A new Oregon State University study on foot-and-mouth disease among buffalo in South Africa could help explain how certain extremely contagious pathogens are able to persist and reach endemic stage in a population, long after they’ve burned through their initial pool of susceptible hosts.
The findings, publishing in Science Magazine, are particularly relevant as the world’s human population is closing in on the two-year anniversary of the COVID-19 pandemic, and researchers and policymakers are facing the reality that the virus is not going away anytime soon.
The study raises the same question that many are asking now about COVID-19, said lead author Anna Jolles, an epidemiology professor in OSU’s Carlson College of Veterinary Medicine with a dual appointment in the College of Science. After responding to the disaster situation, what happens next?
“Is there any way of really limiting the infection after it becomes endemic?” she said. “A study in a lab can’t answer that, because this is a question at the population scale, and in the lab you don’t have whole animal populations and all the variation among hosts, pathogens or the environment. Looking in wild hosts is one way to get insights into how this can play out.”
Co-authors on the paper include OSU assistant professor Brianna Beechler and associate professor Jan Medlock.
Foot-and-mouth disease does not cause serious illness in buffalo, though when it spreads to cattle and other cloven-hoofed species, it can cause painful sores in the mouth and on the feet. It does not infect humans.
The study looked at the transmission mechanisms of three main strains of foot-and-mouth disease virus among buffalo herds in South Africa’s Kruger National Park: SAT1, SAT2 and SAT3. Researchers tested blood and tissue samples from a wild herd every two to three months from 2014 through 2017 and observed infection dynamics in a captive group of buffalo at tighter time intervals for six months.
“A lot of studies and a lot of press on very contagious pathogens focus on the ‘wildfire’ stage, when the pathogen is running through the population and people try to predict how far it will go and what fraction of the population will become infected in the epidemic stage,” Jolles said. “But once that wildfire stage has passed, then where does that pathogen go? That’s what we’re focusing on.”
Researchers were essentially trying to think like a virus: What’s the best way for a pathogen to spread within a given buffalo population, and how does it survive the lean times when there are very few susceptible hosts to infect?
Because foot-and-mouth disease is so contagious, almost all buffalo in regions where it is present contract the local strains of the virus and achieve some level of immunity fairly early in life. But young calves are susceptible to infection after around 4-6 months of age when they lose their maternally derived immunity, so transmission among acutely infected young buffalo was the primary pathway researchers analyzed. After buffalo recover from acute infection, some retain virus in their tonsils, where it can lie dormant for months. The second transmission route, which researchers hypothesized would be less effective, was via these carrier animals.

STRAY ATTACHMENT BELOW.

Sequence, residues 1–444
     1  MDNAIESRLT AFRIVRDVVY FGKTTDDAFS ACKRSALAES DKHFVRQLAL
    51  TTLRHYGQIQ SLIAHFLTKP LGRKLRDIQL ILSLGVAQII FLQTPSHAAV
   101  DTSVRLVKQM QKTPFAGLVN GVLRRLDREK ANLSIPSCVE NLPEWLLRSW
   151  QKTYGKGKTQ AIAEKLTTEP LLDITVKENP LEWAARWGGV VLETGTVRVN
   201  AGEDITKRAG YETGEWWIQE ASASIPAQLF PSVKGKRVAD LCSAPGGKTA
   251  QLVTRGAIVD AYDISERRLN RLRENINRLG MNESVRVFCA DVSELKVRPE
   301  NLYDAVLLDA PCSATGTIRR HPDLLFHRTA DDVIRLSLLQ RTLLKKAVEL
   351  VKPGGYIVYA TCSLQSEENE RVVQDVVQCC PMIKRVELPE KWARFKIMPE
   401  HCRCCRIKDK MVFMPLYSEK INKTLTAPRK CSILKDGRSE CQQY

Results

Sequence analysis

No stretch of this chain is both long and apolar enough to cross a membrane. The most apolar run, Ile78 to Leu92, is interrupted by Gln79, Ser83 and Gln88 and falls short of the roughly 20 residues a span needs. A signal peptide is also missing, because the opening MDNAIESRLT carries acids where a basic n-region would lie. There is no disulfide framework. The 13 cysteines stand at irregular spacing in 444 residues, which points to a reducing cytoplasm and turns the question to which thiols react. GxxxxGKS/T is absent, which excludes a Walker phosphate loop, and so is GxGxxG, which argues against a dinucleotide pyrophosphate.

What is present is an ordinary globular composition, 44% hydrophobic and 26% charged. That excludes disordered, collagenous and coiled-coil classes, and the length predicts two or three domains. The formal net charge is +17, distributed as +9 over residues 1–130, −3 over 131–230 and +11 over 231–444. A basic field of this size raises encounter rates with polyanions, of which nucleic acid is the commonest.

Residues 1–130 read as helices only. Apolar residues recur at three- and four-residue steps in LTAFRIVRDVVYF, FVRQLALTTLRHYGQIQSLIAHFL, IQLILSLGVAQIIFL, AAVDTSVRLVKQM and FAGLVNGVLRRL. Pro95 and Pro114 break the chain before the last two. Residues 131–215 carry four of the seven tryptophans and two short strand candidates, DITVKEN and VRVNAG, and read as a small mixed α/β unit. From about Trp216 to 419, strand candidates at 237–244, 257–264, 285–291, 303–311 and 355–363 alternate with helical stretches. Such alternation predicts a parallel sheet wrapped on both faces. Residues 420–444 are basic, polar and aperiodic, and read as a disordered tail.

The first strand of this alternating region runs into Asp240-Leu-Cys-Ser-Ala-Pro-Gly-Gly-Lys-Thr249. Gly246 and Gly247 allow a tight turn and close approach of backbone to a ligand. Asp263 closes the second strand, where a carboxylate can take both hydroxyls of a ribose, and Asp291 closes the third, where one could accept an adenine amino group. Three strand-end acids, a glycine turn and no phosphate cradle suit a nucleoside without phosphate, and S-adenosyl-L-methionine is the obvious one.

Buffalo birthing season lasts nearly six months, so it was previously thought that it might be possible for the virus to remain in the latest-born calves of the past year long enough to infect the earliest born calves the following year. However, results from this study showed that foot-and-mouth disease would not persist in buffalo populations with only this “childhood infection” pattern of transmission.
And contrary to past studies that found almost no evidence of carrier transmission, the OSU study documented carrier transmission among two out of three strains, SAT1 and SAT3 — albeit at a rate about 100 times less than the rate of acute transmission among actively infected animals. Researchers found that even this low rate of carrier transmission allows SAT1 and SAT3 to persist.
SAT2 appears to work differently. Even though it transmits quickly during acute infection, it performs “pathetically poorly” on carrier transmission, Jolles said. Researchers have yet to pin down exactly how the strain persists. It has a high mutation rate, so they hypothesize that similar to the flu in humans, it might change so much and so rapidly that buffalos’ immune system no longer recognizes the virus.
While buffalo herds can be geographically contained, the global human population is more interconnected than ever before, Jolles said, so it’s easier for pathogens to become endemic and persist long-term.
“This pandemic was not an unexpected thing to happen, in a general sense,” she said. “One would expect other pathogens to spill into human populations. We’re so wide open for it; there are so many of us and we’re so well connected, it’s really a giant pathogen playground.”
Due to population size, Jolles said it will be very hard to prevent persistence of a virus like COVID-19 globally, but public health interventions can help limit transmission and endemicity at the local level.